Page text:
3 However, Carl (1991) reported that student profiles have changed dramatically over the last 20 years. As the economics of education and socioeconomic trends have evolved, students have been forced to complete their college education in nontraditional ways. For example, many working teachers continuing their education can attend courses only at night or during summer terms (Charron & Obbink, 1993). Working professionals often must attend classes in urban/suburban centers on weekends or evening to comply with work and time limitations. Nontraditional and off-campus students have already altered the college scene tremendously (Carl, 1991), and it is essential to recognize that those students needs, wants, expectations, and perceived risk vary from those of the traditional students. In the present study, we investigated non-traditional (specifically Internet-based and Distance Learning) courses targeted to graduate and undergraduate business students. CONCEPTUAL DEVELOPMENT AND DEFINITIONS Non-Traditional (Distance Learning & Internet-based) Education Distance Learning tends to have as many connotations as there are applications of this teaching method. Historically, offering a Distance Learning course within your department translated into your department offering correspondence courses. In an attempt to establish the scope of Distance Learning, we considered the following definitions a basis for proposition development and analysis: Distance Learning is education that is accessible at a time, place, location and pace that is convenient to the user. It can come in many forms; over phone lines, on CDROM, over the Internet or through a video camera. (Mangan 2001, p. 30)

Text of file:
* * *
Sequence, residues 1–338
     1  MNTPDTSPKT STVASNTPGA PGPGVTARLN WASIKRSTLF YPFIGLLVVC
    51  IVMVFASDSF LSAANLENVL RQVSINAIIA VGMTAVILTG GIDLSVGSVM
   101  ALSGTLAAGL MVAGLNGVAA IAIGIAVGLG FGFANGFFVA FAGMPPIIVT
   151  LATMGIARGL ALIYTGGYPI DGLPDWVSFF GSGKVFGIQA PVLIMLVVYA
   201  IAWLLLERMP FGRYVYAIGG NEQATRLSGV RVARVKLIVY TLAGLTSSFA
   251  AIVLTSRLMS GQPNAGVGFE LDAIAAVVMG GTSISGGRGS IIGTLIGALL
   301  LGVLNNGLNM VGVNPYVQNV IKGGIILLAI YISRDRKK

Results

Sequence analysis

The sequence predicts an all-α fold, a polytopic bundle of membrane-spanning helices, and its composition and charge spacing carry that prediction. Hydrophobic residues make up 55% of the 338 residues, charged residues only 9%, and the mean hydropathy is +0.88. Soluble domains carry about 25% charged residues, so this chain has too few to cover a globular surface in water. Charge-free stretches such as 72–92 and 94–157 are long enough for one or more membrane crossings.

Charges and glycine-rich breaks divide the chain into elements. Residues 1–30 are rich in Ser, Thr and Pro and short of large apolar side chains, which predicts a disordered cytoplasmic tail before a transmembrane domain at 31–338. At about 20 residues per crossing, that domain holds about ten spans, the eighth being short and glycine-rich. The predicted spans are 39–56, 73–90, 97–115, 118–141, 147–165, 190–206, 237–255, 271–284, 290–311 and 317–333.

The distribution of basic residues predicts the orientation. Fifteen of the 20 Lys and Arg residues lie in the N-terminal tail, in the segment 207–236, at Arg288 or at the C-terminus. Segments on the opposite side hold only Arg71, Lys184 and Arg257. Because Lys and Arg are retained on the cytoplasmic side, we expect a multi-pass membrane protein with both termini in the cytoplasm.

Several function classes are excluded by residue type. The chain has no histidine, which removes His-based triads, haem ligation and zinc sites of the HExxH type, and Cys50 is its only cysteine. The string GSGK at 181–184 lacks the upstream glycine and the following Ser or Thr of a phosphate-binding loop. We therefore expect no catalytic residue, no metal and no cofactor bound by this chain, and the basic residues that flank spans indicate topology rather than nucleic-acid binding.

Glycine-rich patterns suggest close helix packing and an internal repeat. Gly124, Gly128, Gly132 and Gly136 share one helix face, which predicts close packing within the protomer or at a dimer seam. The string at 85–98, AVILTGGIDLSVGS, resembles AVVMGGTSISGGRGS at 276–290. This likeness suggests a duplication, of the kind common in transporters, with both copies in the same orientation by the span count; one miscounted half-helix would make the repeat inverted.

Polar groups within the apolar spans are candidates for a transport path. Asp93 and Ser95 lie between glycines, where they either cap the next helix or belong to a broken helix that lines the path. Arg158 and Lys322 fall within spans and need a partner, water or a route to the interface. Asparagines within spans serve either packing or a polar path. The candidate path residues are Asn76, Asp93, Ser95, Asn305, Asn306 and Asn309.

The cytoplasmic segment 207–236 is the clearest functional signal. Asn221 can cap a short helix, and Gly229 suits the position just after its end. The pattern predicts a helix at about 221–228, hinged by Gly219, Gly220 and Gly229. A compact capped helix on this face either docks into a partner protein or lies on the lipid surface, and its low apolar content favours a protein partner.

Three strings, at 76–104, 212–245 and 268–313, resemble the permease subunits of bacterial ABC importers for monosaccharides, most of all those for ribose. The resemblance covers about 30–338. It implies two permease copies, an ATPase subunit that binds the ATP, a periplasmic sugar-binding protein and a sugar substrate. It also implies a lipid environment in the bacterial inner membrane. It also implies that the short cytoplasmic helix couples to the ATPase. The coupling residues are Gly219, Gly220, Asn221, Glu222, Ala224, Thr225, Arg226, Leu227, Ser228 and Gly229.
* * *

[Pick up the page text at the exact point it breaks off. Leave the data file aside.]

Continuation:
4 Thus, Internet-based courses are just one form, though a very popular one, of Distance Learning. The popularity and growth of Internet-based courses were the primary reasons for separating out this form of Distance Learning in this study. Also because of Internet popularity and the evolution of audio, video and other computer technologies, the correspondence (snail mail) connotation of Distance Learning has given away to a more state-of-the-art view. A myriad of forces are behind these new modes of Learning. Just a sample of these forces are: convenience; reduction in travel time; less work time lost at jobs; accessibility for learners in remote areas; and cutting edge technology incorporated in Learning experience. Perceived Risk Perceived risk is a central construct in many consumer behavior studies. Quite often, such risk can be the driving determinant of a consumer s choice between brands or even whether or not to purchase (Bettman 1973; Kaplan, Szybillo, and Jacoby 1974; Campbell and Goodstein 2001). Research indicates that as the level of perceived risk increases, consumers tend to become more risk-averse (Bettman 1973). As the use of new, non-traditional course methods increases, it is conceivable that some students would perceive higher levels of risk than others. Those perceiving lower levels of risk would be more likely to enroll in courses using non-traditional formats such as Internet-based classes. In order to test this concept more closely, the present study relied upon the foundation established by Batra and Sinha (2000) in their study of the impact of consumer level factors upon the success of private label brands. Their study examined the impact of the various facets of perceived risk upon such brands. Specifically, these authors noted that the determinants of perceived risk include, the